I'm in the application process right now, scared to death that I won't get in anywhere, but even more mad at myself for not applying as strategically as I should have. So i'll share some mistakes that I made:

    First, GET A COPY OF THE MSAR. I tried to get the latest copy this year from AAMC, but it was not released right away, when the AMCAS was open. I was so obsessed with getting my AMCAS in as early as possible that I just went ahead and applied to a handful of schools that my boyfriend recommended (he's in med school right now), and I totally forgot about the MSAR. Now in retrospect, I should have chilled out on the AMCAS, 'cause turning it in in June or July, or August even, does not make that big of a difference. I wasn't complete at my schools until then end of August/beginning of september anyway, and a lot of schools wait to interview the bulk of the pool after the august mcat. So my advice, either get this year's edition of the MSAR, or wait until the new one comes out, then submit your AMCAS. (but have your personal statement ready and stuff)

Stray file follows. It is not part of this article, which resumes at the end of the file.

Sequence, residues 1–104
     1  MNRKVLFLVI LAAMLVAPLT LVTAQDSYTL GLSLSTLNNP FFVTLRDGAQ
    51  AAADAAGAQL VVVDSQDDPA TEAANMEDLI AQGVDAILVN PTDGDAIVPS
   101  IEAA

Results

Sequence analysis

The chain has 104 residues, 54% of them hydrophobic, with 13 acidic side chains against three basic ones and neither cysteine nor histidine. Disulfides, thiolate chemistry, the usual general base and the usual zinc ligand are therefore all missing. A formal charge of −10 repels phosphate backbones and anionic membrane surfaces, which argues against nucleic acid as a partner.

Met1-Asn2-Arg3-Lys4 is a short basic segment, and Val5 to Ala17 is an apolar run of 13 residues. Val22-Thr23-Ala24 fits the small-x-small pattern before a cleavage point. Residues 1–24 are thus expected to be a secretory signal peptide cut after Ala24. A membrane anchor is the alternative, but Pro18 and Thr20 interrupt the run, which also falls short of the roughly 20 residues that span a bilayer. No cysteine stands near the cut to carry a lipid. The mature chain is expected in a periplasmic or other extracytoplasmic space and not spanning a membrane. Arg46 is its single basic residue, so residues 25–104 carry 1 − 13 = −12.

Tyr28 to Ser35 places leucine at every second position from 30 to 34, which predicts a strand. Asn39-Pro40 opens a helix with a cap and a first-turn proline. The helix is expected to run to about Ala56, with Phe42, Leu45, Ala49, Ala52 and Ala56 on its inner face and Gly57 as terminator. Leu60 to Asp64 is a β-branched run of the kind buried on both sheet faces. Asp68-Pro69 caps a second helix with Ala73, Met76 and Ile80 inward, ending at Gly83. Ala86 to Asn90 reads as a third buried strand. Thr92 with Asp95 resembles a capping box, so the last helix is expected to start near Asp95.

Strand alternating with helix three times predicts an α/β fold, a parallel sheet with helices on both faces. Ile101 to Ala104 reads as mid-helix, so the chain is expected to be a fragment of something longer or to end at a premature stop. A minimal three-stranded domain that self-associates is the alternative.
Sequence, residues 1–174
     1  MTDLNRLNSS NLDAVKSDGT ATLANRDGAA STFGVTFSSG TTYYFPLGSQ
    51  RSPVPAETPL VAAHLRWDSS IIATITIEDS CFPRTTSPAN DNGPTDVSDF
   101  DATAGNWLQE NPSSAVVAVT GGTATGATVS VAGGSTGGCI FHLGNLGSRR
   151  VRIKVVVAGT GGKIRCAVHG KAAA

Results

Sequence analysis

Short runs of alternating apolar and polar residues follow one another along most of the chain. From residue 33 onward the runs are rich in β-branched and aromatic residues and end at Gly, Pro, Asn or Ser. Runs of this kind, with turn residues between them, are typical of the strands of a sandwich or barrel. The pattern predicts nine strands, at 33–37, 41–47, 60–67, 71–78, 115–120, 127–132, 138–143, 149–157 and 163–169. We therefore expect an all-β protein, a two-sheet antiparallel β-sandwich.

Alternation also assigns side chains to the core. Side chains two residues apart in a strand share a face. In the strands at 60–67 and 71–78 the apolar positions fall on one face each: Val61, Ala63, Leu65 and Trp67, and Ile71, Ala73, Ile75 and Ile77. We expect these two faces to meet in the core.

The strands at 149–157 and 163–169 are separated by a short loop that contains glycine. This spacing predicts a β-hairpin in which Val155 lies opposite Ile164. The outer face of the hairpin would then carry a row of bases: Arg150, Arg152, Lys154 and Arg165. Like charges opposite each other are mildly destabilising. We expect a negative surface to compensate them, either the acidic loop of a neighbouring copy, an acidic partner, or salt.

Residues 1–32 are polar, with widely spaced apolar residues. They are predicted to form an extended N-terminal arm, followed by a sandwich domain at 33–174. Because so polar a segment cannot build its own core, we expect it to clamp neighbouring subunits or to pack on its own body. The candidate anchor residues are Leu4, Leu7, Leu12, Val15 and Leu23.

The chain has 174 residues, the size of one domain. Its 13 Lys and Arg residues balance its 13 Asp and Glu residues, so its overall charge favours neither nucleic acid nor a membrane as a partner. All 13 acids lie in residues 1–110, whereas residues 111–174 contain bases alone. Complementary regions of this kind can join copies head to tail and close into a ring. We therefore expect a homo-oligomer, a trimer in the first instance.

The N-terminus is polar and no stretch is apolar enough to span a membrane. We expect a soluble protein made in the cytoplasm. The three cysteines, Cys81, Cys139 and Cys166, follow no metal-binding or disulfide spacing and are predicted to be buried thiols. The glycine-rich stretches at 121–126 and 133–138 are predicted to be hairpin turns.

Second, don't apply to schools like GW, BU, and Drexel. You'll just drive yourself crazy. My dad's advice (which I didn't take to heart) was for me to stay away from urban schools. Everyone wants to go to school in a big city, so you'll face a HUGE applicant pool and reduce your chances of interviewing. And the rural schools will tend to have a lot of people turn them down in the end. For me, I wish I had applied to Iowa, and a bunch of other places I hadn't heard of (since I didn't get the MSAR)

    Third, if you rock the MCAT, don't be afraid to apply to a few allegedly "numbers *****" places. Schools like to see an upward trend in your grades, and a SUPERSTAR MCAT score will only be the icing on top. I applied to WashU and got an interview. Look in the MSAR for schools that screen by a weighted cumulative GPA. For example, that was the case for U of Washington (by the way, don't apply there as an OOS), and my GPA for them didn't turn out as vomit-inducing.

    Fourth, beware schools that are obvious "safety schools" for many people, including yourself. They may not interview you because they know that you are just using them as a safety.

    Good luck, and great job turning that GPA around.